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PICTURE: A C Graham Collection, courtesy of the Hokitika Museum
Heavy equipment is moved from Okarito to the Five Mile dredge site, via a
beach highway, in the late 1920s or early 1930s.
ast year, the Department of Conser vation engaged
Emma Clifford and Katherine Watson from
Underground O verground Archaeology Ltd to
inspect the historic pack tracks at Hari Hari, Three
Mile and Gillespies Beach.
Their research took them back to the days when people
would travel on the beach highway, which linked small
goldmining settlements from the Wanganui River at Hari
Hari to Bruce Bay and beyond.
Clifford and Watson sur veyed old tracks along three
separate sections of the West Coast — the Hari Hari pack
track, which is now part of the Hari Hari Coastal Walkway,
ending at the Poerua River.
The also did the Three Mile pack track, now part of the
Okarito Coastal Walk; it runs up and over Kohuamarua Bluff,
as far as the Three Mile Lagoon.
Finally, to the south the Gillespies Beach pack track today
forms part of the Gillespies Beach Miners’ Tunnel Track.
When the first European settlers arrived in 1865 seeking
gold - which they found in rich patches on the beaches at
Okarito, Five Mile, Waiho, Gillespies Beach, Hunts Beach
and Bruce Bay - they also found in abundance, lonely beaches
and forests so dense they deterred all but the most intrepid
So beach travel it was, albeit with dangerous bluffs to
negotiate between tides. Before long came reports of the first
drownings, in November 1865, when one man was swept
away in the Wanganui River and two at Saltwater Creek.
Ferries were soon established at the river mouths to help get
the foot traffic across safely. The first was probably the Waiho
(Waiau) River, fed by the Franz Josef Glacier and ice-cold
right all the way to the surf.
By June 1866, an estimated 3090 people were recorded in
the wider Okarito (South Westland) area. The Okarito Road
Board was established two years later, along with other road
boards, and the construction of the first of the bluff tracks
dates to this time.
By April 1872, the beach route from Ross to Okarito
could be travelled even at high water, with the exception
of the Wanganui Bluff, which was described in 1875 in the
West Coast Times: “ The sacrifice of human life that those
treacherous bluffs have been the cause of is something
terrible. Many we could name have met the King of Terrors
while attempting to rush past the rocks between each
Clifford and Watson believe the tracks were first built
around the face of the bluffs, not over the top of them.
Work on the track between the Wanganui and Poerua rivers
was approved by the Westland County Council in 1873.
The first serious discussion of a road through the interior
of South Westland appears to have come in 1869, although
the road boards had noted a year earlier that “a grand trunk
line of road should be made, running north and south of the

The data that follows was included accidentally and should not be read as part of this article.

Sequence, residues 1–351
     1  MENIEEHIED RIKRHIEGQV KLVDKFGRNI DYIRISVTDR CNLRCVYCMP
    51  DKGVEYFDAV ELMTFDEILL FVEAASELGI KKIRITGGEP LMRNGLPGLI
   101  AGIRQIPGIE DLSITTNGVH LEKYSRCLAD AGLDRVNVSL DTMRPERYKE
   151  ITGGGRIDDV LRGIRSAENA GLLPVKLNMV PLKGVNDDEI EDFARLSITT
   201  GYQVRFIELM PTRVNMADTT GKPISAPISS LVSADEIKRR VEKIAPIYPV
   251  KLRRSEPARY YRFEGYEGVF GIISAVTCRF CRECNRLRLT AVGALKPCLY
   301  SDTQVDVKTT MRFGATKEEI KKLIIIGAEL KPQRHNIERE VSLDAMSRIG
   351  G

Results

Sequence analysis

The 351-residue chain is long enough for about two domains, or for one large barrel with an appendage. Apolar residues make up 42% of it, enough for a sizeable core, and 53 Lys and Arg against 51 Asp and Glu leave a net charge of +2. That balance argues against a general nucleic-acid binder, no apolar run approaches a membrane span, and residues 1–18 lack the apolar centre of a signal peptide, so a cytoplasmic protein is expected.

country, three to four miles inland from the beach”.
The county turned its attention to the Bowen-Okarito Road.
Bowen was a small settlement on the Mikonui River,
just south of Ross, that today has even vanished off the
Work started in 1874, and the route was finally completed
in 1879, when the ferries across both the Whataroa and
Wanganui rivers were moved inland to ser vice travellers along
the new route. Yet, the beach route and bluff tracks continued
to be used, and ser viced.
By 1886, work extending the Bowen-Okarito Road — now
known as the Main South Road — was under way at Fox
Glacier on the section from the Waikukupa River to the
Cook River Flat Road. Some work had also been carried out
on the section between the Waikukupa and Waiho rivers, and
there was also a road between the Waiho and lakes Wahapo
and Mapourika, inland from Okarito.
By 1902, the Main South Road was completed as far as
Karangarua, near Bruce Bay, but the beach and bluff tracks
continued to be used and maintained until at least 1905.
In the 1920s, the track between the Wanganui and Poerua
rivers was still being used to move cattle up and down this
part of the coast.
Twice in the 1930s, improvements were made to the Three
Mile Track, near Okarito, for miners working at the Three
Mile and Five Mile beaches, a little further south.
Right up into the 1950s, Okarito storekeeper Jimmy
Donovan would pack stores to the remote beaches, including
in earlier times the gold dredge that also worked the Five
The notable exception to the simplicity of the tracks is the
tunnel on the Gillespies Beach track. No other 19th century
tracks with tunnels are known on the West Coast.
Today, they are used by visitors to South Westland, forming
part of the Department of Conser vation network of short
walks and day tracks, and providing a valuable reminder of
the challenges the early settlers faced.
As the settlers rushed to South Westland looking for gold 150 years ago,
they found their way blocked by towering forests and steep sea bluffs. So
those early settlers hacked out tracks, initially around, and then over the
bluffs. Even after the inland road (now State highway 6) was built, the
old routes remained in use. Today, it is tourists, not gold prospectors, who
tramp the trails, keeping part of the past alive. LAURA MILLS reports.
Three Mile Lagoon, south of Okarito.
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